Sunday, August 7, 2011

The Limits of Reason

What follows began as an argument about Obama. We'll get back to that later, but first I'd like to reflect on some lessons learned and address a few points that were raised in a recent online encounter with several former acquaintances on my second foray into the Facebook jungle.    

After holding my writers' tongue for probably far too long and far too deep into the election season I found myself reacting rather strongly to the posting of what I thought were extreme characterizations of president Obama as a betrayer of the people. Having actually gained in my admiration of Obama since his election, this response led to an escalation of emotional accusations and counter attacks that devolved into increasingly incoherent and personal aspersions, finally leading me to abandon the argument altogether. I withdrew, having flashed back to other fruitless discussions that have raged across online forums since the earliest days of online chatter. This time however, I took some lessons and insights away that brought new clarity to where I stand and how I see the issues involved. It certainly wasn't a total loss.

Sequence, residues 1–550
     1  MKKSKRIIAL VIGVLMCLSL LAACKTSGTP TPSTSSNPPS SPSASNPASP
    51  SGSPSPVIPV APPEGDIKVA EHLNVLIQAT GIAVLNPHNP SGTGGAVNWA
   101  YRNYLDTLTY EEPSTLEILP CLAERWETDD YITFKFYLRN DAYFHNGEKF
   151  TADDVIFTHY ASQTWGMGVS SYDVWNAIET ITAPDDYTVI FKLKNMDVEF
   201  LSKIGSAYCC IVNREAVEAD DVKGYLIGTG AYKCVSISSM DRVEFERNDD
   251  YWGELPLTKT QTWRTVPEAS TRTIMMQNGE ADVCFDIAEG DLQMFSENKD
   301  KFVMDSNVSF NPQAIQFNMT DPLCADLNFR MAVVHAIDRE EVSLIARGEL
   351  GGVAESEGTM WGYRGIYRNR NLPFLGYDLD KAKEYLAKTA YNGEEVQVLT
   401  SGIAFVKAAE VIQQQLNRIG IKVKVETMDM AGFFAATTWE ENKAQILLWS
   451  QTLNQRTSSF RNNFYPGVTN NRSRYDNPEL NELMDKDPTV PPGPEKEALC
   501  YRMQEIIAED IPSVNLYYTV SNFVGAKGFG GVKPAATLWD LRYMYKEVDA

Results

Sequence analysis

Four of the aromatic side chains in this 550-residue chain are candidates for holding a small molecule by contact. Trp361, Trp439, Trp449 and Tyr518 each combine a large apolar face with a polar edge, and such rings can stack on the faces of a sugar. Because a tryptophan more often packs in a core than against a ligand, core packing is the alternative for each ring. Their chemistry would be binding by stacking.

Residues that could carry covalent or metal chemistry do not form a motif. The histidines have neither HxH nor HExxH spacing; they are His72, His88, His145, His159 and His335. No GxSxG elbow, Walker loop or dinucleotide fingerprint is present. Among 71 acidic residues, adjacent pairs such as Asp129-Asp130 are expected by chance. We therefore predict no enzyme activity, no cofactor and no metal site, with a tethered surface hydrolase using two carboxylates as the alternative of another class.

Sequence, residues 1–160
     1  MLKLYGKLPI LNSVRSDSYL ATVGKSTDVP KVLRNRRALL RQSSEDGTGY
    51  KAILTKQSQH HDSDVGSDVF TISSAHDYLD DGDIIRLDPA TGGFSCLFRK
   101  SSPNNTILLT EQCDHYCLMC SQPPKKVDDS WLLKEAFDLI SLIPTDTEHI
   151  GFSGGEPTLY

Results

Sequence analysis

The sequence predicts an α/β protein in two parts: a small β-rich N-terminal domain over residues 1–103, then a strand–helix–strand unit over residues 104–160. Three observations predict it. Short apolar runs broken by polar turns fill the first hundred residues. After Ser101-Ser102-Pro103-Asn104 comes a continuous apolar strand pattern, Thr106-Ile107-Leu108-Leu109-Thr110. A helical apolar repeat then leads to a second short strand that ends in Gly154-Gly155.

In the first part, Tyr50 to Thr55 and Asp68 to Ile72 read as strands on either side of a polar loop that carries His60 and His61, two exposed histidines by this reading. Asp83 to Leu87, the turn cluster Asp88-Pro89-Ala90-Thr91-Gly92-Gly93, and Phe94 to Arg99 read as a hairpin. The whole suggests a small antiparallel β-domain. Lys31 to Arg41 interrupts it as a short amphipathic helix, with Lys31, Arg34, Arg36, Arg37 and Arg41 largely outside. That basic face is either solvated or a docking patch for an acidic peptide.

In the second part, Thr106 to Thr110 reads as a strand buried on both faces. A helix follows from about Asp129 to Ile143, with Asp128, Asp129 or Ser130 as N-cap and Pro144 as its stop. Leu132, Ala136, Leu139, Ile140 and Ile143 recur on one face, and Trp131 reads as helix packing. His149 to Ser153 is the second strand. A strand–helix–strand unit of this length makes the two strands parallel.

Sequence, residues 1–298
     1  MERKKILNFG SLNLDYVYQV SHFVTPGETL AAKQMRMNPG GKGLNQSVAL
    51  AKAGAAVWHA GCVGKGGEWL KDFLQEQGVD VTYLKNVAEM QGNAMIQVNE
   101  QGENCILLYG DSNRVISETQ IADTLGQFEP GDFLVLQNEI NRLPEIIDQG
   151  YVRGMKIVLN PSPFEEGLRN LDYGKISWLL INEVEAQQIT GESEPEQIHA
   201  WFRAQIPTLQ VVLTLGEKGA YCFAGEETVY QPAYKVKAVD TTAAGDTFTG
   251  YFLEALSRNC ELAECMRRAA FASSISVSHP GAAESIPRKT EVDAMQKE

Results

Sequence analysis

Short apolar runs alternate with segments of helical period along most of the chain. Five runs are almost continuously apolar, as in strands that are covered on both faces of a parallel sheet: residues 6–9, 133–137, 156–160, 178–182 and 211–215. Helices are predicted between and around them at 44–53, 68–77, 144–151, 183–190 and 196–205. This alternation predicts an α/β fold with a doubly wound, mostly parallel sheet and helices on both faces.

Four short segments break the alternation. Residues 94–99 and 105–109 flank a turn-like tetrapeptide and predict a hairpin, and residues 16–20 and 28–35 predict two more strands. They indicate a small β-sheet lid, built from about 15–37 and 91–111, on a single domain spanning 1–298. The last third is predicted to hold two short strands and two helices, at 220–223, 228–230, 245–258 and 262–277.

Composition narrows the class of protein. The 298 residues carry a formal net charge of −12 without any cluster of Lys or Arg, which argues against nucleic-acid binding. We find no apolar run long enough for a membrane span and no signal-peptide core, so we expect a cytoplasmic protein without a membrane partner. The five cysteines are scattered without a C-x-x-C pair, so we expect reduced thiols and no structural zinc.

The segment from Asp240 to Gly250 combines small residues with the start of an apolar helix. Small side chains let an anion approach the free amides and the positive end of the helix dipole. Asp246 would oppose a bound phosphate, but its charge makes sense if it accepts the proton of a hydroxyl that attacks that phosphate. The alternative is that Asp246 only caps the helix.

The comment that triggered my deepest reflection was in response to allusions I made to my Buddhist (Zen) practice and an impulsive decision to "let the beast out of the box." I was told that I should rely on reason to guide my path, rather than either religion or emotion. The implication I take from this is that if we only allow ourselves to be guided by reason, both individually and as a society, we can overcome our various disagreements and advance with more steadfast promise toward the future.

This is the classical humanist position and I certainly lean toward that position in my more wishful moments. I place a high value on the use of reason and logic when addressing most situations. The catch that always appears to trip up most excellent intentions is that structures of logic are always built upon platforms of belief. When you get right to the core of every argument you invariably find a set of unquestioned assumptions based on what resembles more than anything else a form of religious worship.